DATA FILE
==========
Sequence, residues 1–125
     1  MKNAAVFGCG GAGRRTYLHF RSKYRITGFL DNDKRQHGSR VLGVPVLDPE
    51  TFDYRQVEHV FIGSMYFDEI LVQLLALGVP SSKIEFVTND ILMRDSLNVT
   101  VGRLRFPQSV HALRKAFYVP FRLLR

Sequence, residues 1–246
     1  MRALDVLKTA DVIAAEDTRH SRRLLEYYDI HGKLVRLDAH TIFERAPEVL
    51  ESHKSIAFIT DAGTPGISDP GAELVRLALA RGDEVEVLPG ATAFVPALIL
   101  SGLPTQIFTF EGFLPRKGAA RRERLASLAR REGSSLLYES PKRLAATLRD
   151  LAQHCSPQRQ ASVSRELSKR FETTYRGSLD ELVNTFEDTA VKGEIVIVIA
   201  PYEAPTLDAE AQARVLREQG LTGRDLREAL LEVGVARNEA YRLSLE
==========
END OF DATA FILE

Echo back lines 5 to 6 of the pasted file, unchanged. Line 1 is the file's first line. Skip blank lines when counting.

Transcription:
Sequence, residues 1–246
     1  MRALDVLKTA DVIAAEDTRH SRRLLEYYDI HGKLVRLDAH TIFERAPEVL